Internet Archaeology, Issue 26 (2009). Implement Petrology theme
URL: http://intarch.ac.uk/journal/issue26/6/4.html May 27 2009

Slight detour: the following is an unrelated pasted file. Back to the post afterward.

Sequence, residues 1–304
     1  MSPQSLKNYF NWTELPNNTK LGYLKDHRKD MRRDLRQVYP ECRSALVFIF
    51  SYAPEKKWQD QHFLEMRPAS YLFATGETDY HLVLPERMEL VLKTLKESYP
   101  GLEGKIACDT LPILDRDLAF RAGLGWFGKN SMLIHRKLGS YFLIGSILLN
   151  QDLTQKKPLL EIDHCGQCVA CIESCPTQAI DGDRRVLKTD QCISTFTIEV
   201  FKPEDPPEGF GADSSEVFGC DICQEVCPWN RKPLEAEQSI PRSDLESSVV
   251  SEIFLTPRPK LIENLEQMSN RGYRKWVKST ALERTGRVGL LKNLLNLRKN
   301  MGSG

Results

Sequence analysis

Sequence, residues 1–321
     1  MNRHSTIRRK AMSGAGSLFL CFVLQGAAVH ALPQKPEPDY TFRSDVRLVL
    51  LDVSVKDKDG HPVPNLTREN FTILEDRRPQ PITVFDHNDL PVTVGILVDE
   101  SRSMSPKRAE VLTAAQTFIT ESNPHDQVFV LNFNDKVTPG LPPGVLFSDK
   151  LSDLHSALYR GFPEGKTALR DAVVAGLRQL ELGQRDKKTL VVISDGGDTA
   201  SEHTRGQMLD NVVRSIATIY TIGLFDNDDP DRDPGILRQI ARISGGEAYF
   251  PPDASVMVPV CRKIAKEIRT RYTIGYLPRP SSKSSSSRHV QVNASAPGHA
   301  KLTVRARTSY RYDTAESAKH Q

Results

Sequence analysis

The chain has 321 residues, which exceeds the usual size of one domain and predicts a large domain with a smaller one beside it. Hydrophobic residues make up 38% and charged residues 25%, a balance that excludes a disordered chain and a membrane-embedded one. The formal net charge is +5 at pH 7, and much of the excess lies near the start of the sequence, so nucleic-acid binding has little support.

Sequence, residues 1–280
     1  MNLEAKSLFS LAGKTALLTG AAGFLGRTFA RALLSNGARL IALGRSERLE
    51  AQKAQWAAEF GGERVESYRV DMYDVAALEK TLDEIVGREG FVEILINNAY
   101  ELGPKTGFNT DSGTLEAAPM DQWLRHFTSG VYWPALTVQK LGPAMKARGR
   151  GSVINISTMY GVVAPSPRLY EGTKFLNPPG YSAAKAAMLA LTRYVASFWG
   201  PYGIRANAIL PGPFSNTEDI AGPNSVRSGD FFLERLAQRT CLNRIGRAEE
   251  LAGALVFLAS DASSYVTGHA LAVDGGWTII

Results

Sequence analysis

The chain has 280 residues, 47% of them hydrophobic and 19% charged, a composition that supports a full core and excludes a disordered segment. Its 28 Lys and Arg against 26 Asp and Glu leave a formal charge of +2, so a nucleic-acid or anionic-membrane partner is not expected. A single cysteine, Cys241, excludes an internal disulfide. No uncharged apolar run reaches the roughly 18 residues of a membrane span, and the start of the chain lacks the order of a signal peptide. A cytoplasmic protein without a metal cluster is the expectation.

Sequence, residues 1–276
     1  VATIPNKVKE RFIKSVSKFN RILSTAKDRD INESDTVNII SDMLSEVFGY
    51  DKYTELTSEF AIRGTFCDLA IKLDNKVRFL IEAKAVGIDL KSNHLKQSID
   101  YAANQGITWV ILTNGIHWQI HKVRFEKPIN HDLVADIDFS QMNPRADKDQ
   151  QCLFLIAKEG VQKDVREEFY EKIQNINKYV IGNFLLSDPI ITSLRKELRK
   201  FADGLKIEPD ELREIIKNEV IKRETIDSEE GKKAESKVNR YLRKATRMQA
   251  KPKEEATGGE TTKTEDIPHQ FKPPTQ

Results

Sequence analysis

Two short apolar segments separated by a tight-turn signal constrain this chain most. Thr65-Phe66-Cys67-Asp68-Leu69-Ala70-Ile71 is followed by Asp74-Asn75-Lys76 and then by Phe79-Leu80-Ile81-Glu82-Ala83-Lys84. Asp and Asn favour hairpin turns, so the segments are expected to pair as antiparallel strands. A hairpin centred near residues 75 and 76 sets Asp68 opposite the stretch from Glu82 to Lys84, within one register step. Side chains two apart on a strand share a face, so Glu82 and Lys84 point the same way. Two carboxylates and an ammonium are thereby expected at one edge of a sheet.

Beyond the Stonehenge Landscape there are pieces of bluestone scattered across central southern England and these are often assumed to have come direct from the Preseli Hills as part of the 'axe-trade'. In fact most can be more economically explained as souvenirs from the break-up of Stonehenge. The large fragment found by William Cunnington inside the long barrow known as Boles Barrow some 19km to the north-west of Stonehenge is often cited as evidence for the early arrival of spotted dolerite in Wiltshire. As I have argued elsewhere, however, this piece most likely lay within a deliberate blocking deposit within the chamber, a practice common across Britain in the late third millennium cal BC and wholly consistent with the early destruction of Stonehenge (Darvill 2006, 126). The same might apply to the fragment of Group XIII stone in the upper fill of Middle Ditch segment IB at Windmill Hill, which was described by Isobel Smith as 'difficult to interpret as part of an axe' (1979, 19; see also Smith 1965, 114 and Whittle et al. 1999, 340). A piece of rhyolite similar to that in the Bluestone Circle at Stonehenge was found on the top of Silbury Hill during excavations in 1969 (Atkinson 1970, 314; Whittle 1997, 21), and a piece of spotted dolerite found near the West Kennet long barrow (Williams-Thorpe et al. 2004, 373) was perhaps lost en route to the ceremonies that must have accompanied the filling of the chamber at this well-known barrow.